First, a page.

B2B Integration

IBM Sterling Integrator Certified Containers: Self-healing Scenario (Part 1)

By Adolfo Loustaunau posted Thu April 22, 2021 06:48 AM


 Co-authored by @Carlos Chivardi and @Brian Hall

“Success in life is not determined by what happens to you, but how you respond to what happens to you.”

                                                                                                 - Anonymous

Change is an inevitable part of life. Sometimes we can control when change happens and other times it is out of our control. To return to a situation that is normal or under control, the key is to respond adequately and effectively.

The need for normal stability is especially the case with mission critical applications, like IBM Sterling Integrator, that support an organization’s day to day operations.  A faulty server (pod) or a disk crash, can cause an unplanned outage which may  disrupt the supply chain operations for a company.

This blog series describes the “Self-healing” feature of IBM Sterling Integrator Certified Containers (SICC) running on IBM Red Hat Open Shift (RHOS) consisting of the following three parts:  


  1. SICC Liveness Overview
  2. How SICC self-healing works
  3. Benefits of self-healing feature in SICC

In this blog we will cover the SICC liveness overview.Supply chain mission critical applications, like SICC, that run for long periods of time eventually transition to broken states and cannot recover except by being restarted [1]. Container orchestration technologies, such as Kubernetes, provide liveness probes to quickly identify and correct such outages minimizing disruption to operations.


How do SICC and RHOS decide when to re-use or restart a pod? It uses health checks. There are two types of health checks on SICC running on RHOS [2]:


  1. Readiness probe: Verifies if the container, which has just been created, is ready for service requests. If the container fails the readiness test, it is removed from the list of end points.
  2. Liveness probe: Checks if the running container in which it is scheduled is still running. If the container fails the liveness test, the Kube-Master kills it and then executes the next steps based on its restart policy.


This blog series focuses on how the second health check is executed. Now, the application health can be verified by issuing either:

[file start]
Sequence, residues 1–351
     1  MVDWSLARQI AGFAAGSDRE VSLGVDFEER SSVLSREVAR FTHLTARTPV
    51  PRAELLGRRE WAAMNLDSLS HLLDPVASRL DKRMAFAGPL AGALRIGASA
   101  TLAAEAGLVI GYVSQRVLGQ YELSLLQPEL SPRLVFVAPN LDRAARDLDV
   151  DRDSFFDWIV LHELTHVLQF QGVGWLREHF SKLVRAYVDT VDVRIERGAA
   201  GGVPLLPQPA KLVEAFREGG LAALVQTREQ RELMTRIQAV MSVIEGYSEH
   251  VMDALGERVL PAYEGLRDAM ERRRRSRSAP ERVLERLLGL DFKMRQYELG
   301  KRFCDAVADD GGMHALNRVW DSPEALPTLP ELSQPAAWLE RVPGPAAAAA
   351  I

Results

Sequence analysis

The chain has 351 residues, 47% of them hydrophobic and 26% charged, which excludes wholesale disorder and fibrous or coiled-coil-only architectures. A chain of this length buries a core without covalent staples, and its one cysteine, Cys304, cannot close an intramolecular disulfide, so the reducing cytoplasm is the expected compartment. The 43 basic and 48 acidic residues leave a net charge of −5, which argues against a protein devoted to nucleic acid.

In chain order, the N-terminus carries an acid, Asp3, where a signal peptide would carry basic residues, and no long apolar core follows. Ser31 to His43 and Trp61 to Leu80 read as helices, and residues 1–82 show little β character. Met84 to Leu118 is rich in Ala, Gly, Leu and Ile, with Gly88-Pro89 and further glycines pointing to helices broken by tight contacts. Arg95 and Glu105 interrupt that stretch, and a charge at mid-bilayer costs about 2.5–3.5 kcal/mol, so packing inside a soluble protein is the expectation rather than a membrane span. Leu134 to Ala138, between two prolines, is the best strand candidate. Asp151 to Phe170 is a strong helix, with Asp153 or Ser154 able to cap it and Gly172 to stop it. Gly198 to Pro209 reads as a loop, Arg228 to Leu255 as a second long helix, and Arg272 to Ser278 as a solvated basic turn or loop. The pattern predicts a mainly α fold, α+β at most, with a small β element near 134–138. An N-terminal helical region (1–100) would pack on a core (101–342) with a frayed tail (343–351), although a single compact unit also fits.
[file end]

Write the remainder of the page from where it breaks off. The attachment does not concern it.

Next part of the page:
1. HTTP check: If http request return code is between 200 and 39,9 it is successful This is atypical use case for web applications

  2. Container execution check: When the command is executed in the container, exit code 0 is successfully achieved. SICC uses this approach by executing this script every number of seconds /ibm/b2bi/install/bin/b2biLivelinessCheck.sh. (see Figure 2 below)
  3. TCP socket checks: The Kube-Master tries to open a TCP socket to the container. This is a typical use case, which is related to non-HTTP applications.


Figure 1 below describes how the liveness probe is executed, and its frequency, is well defined at the Container Stateful Set YAML manifest.

Figure 1: SICC Container Stateful Set

Figure 2 below shows SICC’s my-release-b2bi-asi-server container settings Stateful Set YAML details. Settings like the health check frequency in the script is executed; with success and failure thresholds, i.e. how many chances the pod is given before it gets terminated.

Figure 2: SICC my-release-b2bi-asi-server Stateful set YAML readiness probe and liveness probe sections


In the second part of the blog post series, we’ll explain how the SICC liveness probe is executed and triggers the replacement of a faulty container with a healthy one.

Read the next blog of the Self-healing series here:
IBM Sterling Integrator Certified Containers: Self-healing Scenario (Part 2)


[1] https://kubernetes.io/docs/tasks/configure-pod-container/configure-liveness-readiness-startup-probes/

[2] https://training-lms.redhat.com/player/play?in_sessionid=393J9A4814A4J919&classroom_id=42445388